Because Blu-ray was made for nerds
Revenge of the Nerds, along with Real Genius, was one of the pillars of the genre, and a film that created my expectations for what college life would be. Being a part of my school's talented and gifted program, I, like many of you reading, identified with the misfit heroes of this movie, and enjoyed seeing their adventures. Many years later, the film remains just as enjoyable, and the story is as meaningful as ever, with its tale of underdogs overcoming the odds.
Lewis (Robert Carradine) and Gilbert (Anthony Edwards, "ER") are a pair of nerds heading off to college as freshmen. While Gilbert is realistically frightened and nervous, Lewis lives in a dream world where he thinks he will be a big stud at college and he has a chance to score with the hot cheerleaders. I don't know if it was their performances, but I always sided more with the understated Gilbert, rather than the bolder Lewis, who became the face of the Nerds franchise. Either way, they move into the freshman dorm and tack up their computer posters and begin building a robot, with at least Lewis confident that college will be a great time.
Shortly after they move in though, the jock fraternity, Alpha Beta, burns down their own house in a prank, and decide, since they are the Big Men on Campus, that they can take whatever housing they want. With their coach (John Goodman) encouraging them, and the school dean (David Wohl) standing impotently by, they boot the freshmen from their dorm and turn them into refugees living on cots in the gym. It's here where they meet their brothers in struggles, including Lamar, the gay black guy; Wormser, a little genius fast-tracked to college, Poindexter, a stumbling mess of allergies and blindness, and Takashi, a Japanese student without much knowledge of Western culture or language. And of course, there's the belching, farting, nose-picking Booger (Curtis Armstrong), who's more of an outcast than a nerd, but the nerds are the only ones to accept him. Together, they find a place to live and eventually, because of some troubles with the Greeks on campus, they decide to become a fraternity.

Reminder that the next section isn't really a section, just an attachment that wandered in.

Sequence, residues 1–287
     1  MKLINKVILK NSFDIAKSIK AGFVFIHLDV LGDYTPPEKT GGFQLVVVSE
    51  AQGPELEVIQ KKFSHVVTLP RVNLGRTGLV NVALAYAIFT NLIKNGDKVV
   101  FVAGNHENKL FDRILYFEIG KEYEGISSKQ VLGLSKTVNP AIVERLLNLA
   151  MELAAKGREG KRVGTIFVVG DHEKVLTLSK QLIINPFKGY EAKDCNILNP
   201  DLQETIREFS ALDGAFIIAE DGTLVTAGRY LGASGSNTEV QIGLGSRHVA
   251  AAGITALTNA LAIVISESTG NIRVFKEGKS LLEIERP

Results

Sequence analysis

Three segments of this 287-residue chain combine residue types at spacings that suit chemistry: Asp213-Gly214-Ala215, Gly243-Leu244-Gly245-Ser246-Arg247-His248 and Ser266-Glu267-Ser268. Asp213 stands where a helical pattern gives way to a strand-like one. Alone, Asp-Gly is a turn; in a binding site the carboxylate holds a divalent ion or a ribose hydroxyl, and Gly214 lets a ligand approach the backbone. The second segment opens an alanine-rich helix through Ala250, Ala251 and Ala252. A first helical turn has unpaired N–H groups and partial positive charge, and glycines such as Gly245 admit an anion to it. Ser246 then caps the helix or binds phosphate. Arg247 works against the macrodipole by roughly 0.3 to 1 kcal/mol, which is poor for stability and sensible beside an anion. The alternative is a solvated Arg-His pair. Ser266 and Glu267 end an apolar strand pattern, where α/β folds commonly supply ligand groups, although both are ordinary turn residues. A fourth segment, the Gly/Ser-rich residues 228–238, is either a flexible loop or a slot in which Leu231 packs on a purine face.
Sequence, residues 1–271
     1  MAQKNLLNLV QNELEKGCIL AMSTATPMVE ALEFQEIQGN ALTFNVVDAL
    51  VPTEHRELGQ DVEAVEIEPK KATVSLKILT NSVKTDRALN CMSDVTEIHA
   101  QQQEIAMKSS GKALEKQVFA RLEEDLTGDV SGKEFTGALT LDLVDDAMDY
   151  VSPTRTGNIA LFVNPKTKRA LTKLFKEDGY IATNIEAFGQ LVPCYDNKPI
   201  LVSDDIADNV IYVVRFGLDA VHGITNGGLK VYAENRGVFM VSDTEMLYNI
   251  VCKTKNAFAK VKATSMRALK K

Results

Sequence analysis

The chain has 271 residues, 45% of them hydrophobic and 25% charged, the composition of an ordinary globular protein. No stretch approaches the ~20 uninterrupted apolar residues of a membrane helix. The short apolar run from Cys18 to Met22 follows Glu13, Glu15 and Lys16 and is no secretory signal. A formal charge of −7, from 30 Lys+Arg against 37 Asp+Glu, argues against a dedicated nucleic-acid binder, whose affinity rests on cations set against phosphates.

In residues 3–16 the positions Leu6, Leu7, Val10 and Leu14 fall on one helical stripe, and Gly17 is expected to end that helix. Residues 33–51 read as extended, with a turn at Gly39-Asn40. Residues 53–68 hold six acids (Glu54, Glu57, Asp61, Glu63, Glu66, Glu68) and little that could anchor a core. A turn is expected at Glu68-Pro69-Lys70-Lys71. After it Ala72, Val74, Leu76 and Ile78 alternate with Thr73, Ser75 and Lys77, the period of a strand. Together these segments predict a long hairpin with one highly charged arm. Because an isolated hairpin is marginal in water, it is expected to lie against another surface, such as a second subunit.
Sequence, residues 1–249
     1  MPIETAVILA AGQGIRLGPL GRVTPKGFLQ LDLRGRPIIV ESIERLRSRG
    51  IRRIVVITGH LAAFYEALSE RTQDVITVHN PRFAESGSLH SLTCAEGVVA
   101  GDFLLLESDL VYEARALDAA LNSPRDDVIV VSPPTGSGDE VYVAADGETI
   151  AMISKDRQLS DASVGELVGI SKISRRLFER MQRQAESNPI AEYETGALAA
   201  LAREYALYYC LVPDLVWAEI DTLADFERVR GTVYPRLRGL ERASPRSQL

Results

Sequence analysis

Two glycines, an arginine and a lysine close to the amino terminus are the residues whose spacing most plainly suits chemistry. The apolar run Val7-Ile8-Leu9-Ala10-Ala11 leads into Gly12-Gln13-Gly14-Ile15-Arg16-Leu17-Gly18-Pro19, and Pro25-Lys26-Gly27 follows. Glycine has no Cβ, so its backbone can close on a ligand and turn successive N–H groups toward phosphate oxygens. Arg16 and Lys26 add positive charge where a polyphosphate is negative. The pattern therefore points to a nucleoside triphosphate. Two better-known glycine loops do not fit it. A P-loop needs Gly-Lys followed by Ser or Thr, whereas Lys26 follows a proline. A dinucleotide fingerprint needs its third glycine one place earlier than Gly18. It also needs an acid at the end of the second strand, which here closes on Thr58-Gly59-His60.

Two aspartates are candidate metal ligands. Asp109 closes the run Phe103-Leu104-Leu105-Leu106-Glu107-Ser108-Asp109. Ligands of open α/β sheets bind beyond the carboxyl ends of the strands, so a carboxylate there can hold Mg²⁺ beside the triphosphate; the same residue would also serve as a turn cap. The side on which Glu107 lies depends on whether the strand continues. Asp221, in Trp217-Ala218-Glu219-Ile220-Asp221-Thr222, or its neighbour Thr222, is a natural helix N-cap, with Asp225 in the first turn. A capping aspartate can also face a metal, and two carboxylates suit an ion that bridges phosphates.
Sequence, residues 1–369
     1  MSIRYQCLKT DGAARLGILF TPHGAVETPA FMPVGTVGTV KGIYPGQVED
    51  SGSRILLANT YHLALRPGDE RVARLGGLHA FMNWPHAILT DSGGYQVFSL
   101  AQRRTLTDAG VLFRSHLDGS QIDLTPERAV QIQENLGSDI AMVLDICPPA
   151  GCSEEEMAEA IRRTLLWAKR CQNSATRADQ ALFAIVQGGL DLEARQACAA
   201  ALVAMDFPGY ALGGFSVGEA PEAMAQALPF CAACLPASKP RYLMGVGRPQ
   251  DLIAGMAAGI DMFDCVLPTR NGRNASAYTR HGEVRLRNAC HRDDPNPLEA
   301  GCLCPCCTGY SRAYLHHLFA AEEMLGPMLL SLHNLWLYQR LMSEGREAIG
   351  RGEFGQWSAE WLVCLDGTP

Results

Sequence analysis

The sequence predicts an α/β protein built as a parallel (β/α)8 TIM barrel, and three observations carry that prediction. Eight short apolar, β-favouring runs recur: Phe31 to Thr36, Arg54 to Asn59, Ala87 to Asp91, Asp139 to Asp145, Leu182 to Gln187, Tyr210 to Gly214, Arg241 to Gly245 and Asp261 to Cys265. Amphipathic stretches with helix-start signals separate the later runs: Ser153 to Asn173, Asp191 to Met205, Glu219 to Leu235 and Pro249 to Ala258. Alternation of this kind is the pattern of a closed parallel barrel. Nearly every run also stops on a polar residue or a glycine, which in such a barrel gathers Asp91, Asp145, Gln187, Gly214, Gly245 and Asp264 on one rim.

It's here that the social commentary starts creeping in a bit, amongst the nudity and potty humor. No one will take the nerds as a fraternity chapter, except for Lambda Lambda Lambda, a national black fraternity, and that's only because their bylaws say they must. It's telling that a group that has experienced so much prejudice and discrimination sees no problem discriminating against the nerds. It's a mirror for what goes on in real life, as minority groups turn against each other, despite whatever gains they might get by working together. Don't expect this concept to be explored much in the film, or at all. It's just there for one to discover if you feel like looking for layers.
Once the frat is established, the movie barrels on into the well-known part of the film, as the nerds wage a war of pranks on the jocks and the cheerleader sorority, including the installation of spy cameras in the girls' bedrooms and bathrooms, and the application of liquid fire to the guys' athletic supporters. That all leads into the climactic Greek games, where the frats and sororities battle in a competition of strength, skill and more strength to decide who controls the Greek Council that makes the rules on campus. Naturally, the Alpha Betas traditionally dominate the games, but the nerds have a few tricks up their sleeves, along with an elaborate stage show for the competition's final talent round. The great part about these scenes isn't the action, but the dialogue that it inspires, which includes some truly classic lines, including one that verges on legendary.
The true end of the film is a bit hokey, but it does put a nice cap on the previously-mentioned social commentary, making a point about outcasts that makes a lot of sense. That it's delivered with the help of the Tri-Lambs' "brothers" at least makes it funny, but the film has kind of lost its energy by this point, due to the vividness of the games that preceded it.